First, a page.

I should explain that any proposals for development of land which significantly depart from the provisions of the development plan for that area fall to be considered under the procedures laid down in the Town and Country Planning (Development Plans) Direction 1975. The majority of land in the vicinity of Henstridge airfield has been graded three or four on the scale used by the Ministry of Agriculture, Fisheries and Food. The site itself is mainly used for agriculture, although a small industrial estate has been established to the south, in north Dorset.

In the county development plan for Somerset, which is still relevant for devel- opment control purposes until there is a county structure plan, the site is shown as white land. White land is land where for the most part it is expected that the existing uses should remain unchanged. Thus, if the Yeovil district council is disposed to grant planning permission in this instance it will first need to refer the matter to the Somerset county council as a departure from the development plan. Should the county council itself be of the same mind, it in turn will have to submit the planning application to the Department of the Environment to give the Secretary of State the opportunity of deciding on the basis of the facts placed before him whether to call in the application for his own decision.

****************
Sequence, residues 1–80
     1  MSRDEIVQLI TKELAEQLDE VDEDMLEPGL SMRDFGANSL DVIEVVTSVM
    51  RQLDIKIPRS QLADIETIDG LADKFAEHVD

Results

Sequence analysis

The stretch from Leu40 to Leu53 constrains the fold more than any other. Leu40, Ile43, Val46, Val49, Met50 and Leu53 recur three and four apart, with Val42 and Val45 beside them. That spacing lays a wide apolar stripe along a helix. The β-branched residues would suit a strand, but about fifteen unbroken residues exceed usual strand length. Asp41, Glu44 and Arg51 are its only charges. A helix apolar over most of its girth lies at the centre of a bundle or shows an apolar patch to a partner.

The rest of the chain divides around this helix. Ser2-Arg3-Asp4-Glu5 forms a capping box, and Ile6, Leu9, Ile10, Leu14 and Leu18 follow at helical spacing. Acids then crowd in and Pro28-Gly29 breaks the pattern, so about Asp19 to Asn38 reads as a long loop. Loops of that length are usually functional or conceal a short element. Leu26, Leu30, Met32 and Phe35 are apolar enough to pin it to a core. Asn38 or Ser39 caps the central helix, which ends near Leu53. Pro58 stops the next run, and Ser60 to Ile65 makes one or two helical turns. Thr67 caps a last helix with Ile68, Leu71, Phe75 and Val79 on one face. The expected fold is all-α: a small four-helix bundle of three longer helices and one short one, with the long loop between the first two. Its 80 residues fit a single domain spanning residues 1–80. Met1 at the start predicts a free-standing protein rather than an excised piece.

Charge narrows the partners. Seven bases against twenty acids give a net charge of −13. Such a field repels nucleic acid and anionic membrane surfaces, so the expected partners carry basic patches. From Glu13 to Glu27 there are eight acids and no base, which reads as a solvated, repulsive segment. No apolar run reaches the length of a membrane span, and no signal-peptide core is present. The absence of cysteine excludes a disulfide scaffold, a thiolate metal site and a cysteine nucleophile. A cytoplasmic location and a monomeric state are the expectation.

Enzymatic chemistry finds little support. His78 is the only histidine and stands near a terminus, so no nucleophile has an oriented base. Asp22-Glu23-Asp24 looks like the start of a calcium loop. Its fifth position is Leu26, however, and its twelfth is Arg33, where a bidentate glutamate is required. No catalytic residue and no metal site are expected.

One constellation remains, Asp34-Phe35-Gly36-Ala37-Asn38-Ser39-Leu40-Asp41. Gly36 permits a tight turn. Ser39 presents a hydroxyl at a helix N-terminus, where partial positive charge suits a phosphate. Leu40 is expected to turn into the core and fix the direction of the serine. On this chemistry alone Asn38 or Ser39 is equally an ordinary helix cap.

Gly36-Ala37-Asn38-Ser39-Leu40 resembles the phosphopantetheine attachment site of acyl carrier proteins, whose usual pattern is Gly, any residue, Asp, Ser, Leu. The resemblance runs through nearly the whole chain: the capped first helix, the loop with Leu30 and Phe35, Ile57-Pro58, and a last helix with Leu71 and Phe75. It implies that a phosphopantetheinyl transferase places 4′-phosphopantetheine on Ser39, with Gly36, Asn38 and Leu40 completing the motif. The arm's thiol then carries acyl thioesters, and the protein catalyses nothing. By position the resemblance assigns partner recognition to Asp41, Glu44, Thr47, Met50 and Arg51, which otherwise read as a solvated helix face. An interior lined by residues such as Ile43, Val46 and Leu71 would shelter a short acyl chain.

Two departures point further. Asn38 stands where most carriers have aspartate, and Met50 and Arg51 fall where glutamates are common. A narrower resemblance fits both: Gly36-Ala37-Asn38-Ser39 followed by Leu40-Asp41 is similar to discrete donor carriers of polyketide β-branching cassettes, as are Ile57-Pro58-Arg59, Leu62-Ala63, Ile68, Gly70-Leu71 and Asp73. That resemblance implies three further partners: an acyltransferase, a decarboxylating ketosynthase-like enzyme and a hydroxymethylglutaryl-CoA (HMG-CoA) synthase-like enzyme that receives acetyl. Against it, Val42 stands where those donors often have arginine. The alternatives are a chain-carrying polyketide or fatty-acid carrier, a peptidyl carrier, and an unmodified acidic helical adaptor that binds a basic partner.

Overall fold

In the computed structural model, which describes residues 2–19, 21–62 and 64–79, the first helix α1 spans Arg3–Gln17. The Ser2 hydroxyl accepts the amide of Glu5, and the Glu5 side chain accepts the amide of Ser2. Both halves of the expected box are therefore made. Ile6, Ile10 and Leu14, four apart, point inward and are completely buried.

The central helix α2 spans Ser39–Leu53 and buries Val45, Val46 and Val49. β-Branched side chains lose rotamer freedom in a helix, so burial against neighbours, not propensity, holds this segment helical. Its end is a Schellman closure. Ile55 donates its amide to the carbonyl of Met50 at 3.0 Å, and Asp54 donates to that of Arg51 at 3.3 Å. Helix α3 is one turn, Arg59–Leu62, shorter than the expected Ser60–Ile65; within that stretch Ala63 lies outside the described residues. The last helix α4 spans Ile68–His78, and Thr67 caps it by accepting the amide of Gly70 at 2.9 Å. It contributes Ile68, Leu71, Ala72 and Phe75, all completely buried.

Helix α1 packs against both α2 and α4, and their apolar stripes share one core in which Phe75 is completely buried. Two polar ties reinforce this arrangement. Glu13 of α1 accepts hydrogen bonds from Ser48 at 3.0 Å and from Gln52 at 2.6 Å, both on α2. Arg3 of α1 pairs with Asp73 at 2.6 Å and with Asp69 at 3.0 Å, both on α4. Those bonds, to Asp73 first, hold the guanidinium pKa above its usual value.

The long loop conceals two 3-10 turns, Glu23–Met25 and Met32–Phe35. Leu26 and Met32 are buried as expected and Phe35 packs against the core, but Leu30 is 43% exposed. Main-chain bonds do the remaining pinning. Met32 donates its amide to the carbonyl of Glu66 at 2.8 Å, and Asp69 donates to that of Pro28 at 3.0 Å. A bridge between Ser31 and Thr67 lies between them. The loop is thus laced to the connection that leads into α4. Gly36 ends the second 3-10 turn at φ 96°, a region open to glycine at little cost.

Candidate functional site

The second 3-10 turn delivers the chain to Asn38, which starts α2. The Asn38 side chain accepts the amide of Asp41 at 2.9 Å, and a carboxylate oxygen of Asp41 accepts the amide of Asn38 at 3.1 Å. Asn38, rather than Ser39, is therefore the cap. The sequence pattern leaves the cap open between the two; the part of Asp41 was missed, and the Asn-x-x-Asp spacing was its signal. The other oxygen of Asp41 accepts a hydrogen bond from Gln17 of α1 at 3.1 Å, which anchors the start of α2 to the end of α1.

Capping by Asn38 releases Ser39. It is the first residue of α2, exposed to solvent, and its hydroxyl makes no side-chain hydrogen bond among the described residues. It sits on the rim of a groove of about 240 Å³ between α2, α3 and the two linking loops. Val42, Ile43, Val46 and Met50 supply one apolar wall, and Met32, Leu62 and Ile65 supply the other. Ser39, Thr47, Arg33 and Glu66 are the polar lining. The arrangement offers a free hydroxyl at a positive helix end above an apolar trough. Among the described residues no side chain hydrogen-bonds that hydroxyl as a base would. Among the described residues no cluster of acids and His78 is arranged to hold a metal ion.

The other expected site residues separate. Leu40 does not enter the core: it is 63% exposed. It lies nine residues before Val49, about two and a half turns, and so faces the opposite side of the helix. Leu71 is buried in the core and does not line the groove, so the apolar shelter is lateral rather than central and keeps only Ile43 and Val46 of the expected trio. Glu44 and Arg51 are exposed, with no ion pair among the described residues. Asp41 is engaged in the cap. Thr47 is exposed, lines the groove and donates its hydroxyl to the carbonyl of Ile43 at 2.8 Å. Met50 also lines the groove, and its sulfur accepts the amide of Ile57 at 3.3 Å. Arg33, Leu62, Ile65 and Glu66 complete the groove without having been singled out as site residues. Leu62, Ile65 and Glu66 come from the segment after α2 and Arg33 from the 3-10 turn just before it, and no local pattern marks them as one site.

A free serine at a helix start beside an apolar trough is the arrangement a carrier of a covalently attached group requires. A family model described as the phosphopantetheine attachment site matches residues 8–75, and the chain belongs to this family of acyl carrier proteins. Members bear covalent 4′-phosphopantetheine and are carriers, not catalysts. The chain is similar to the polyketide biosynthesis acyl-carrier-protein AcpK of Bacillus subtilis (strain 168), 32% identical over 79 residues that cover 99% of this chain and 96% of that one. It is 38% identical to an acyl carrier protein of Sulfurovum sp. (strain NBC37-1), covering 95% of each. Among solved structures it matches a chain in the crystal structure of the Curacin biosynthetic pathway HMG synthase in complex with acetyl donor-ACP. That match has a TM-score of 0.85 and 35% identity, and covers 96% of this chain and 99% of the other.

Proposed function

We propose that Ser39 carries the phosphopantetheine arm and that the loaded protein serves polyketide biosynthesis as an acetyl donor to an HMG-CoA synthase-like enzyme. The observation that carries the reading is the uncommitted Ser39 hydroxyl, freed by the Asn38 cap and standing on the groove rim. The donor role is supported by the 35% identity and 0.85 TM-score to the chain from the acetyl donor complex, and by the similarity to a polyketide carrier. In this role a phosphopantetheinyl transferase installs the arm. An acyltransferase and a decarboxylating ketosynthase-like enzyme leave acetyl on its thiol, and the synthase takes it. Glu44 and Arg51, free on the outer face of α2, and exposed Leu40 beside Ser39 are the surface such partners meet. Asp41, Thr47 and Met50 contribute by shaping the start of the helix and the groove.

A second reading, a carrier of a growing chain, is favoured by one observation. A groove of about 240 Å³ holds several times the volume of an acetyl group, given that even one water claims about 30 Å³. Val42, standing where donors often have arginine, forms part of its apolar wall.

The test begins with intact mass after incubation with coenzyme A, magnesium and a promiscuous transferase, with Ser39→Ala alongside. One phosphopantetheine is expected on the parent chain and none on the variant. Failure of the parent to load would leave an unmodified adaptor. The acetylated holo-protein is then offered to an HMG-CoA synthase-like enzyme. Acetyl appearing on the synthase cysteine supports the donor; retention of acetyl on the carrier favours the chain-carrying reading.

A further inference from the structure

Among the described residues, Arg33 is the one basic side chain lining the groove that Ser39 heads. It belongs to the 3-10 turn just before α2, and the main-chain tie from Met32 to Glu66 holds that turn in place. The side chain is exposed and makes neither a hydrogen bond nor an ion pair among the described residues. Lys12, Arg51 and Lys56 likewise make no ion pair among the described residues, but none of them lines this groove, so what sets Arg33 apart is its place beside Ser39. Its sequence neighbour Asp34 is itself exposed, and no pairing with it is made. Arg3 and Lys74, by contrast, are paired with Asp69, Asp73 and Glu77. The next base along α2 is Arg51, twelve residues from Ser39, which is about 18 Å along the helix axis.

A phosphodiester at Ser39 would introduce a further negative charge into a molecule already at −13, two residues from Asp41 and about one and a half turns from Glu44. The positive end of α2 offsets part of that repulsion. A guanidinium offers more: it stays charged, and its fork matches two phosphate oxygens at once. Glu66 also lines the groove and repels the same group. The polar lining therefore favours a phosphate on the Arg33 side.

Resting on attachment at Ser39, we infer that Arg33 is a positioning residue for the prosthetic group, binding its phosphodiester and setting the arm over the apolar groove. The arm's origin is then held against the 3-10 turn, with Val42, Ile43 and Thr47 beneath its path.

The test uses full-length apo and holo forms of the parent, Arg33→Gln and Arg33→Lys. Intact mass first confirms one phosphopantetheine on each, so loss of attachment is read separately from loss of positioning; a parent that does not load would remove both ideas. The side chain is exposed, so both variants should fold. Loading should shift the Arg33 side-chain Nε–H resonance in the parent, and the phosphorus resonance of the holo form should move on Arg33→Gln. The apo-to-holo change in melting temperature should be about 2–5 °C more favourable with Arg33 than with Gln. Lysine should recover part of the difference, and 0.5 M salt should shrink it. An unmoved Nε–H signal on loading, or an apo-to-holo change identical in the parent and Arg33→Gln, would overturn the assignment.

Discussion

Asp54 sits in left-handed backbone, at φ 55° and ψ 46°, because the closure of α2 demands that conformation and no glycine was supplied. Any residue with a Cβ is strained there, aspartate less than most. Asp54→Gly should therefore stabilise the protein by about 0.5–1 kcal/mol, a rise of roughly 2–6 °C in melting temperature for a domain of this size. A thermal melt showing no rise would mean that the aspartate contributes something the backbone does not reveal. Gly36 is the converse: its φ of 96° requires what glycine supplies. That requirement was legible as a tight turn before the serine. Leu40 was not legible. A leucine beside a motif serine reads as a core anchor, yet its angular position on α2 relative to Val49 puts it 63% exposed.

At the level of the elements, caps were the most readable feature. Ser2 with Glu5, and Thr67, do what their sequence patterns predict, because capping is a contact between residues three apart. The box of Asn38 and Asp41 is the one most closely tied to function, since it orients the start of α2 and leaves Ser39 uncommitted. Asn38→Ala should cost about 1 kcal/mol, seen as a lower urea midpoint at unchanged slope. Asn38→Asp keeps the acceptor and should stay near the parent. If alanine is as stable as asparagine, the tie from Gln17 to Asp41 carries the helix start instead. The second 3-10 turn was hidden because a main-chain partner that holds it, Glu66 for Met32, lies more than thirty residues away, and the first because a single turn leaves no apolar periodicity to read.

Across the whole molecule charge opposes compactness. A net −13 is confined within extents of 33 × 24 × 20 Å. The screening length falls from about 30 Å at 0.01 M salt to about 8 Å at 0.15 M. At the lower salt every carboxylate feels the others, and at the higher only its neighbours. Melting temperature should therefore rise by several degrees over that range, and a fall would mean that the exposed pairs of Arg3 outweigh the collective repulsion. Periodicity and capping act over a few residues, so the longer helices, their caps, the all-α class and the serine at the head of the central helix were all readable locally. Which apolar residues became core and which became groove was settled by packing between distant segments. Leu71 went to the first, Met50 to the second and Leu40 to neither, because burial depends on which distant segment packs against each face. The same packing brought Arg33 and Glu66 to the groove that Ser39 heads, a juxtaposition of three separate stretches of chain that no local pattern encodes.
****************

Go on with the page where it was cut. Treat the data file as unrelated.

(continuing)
In the event that either Yeovil district council or Somerset county council refused to grant planning permission, the BBC would have the right to appeal to the Secretary of State. This appeal could be dealt with by means of a local public inquiry at which all parties could state their case.

In spite of my hon. Friend's request, for the reasons I have explained, I do not propose to call in this application, or to suggest that it should be called in, before the responsible local authorities have considered it. I am sure that hon. Members will appreciate that it would not be right for me to comment on the merits of the proposal in view of the possibility that the Secretary of State may later be required to decide the matter.

I would advise anyone who has an interest in this proposal to make his views known without delay to Yeovil district council. If the proposal is eventually brought before the Secretary of State, all representations that have been made to my Department will certainly he taken fully into account. It is not within my responsibility to suggest to the BBC any action that it may take.

Question put and agreed to.

Adjourned accordingly at seven minutes to Twelve o'clock.